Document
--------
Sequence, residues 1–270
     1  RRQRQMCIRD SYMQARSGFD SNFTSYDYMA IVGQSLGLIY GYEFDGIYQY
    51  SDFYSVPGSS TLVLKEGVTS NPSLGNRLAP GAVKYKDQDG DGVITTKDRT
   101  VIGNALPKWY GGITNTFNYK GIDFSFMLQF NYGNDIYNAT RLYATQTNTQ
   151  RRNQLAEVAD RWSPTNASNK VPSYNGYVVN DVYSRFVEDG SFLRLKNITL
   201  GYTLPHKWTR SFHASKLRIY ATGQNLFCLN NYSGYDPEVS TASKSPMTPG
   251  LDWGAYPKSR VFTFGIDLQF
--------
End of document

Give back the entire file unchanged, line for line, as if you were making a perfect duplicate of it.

Sequence, residues 1–270
     1  RRQRQMCIRD SYMQARSGFD SNFTSYDYMA IVGQSLGLIY GYEFDGIYQY
    51  SDFYSVPGSS TLVLKEGVTS NPSLGNRLAP GAVKYKDQDG DGVITTKDRT
   101  VIGNALPKWY GGITNTFNYK GIDFSFMLQF NYGNDIYNAT RLYATQTNTQ
   151  RRNQLAEVAD RWSPTNASNK VPSYNGYVVN DVYSRFVEDG SFLRLKNITL
   201  GYTLPHKWTR SFHASKLRIY ATGQNLFCLN NYSGYDPEVS TASKSPMTPG
   251  LDWGAYPKSR VFTFGIDLQF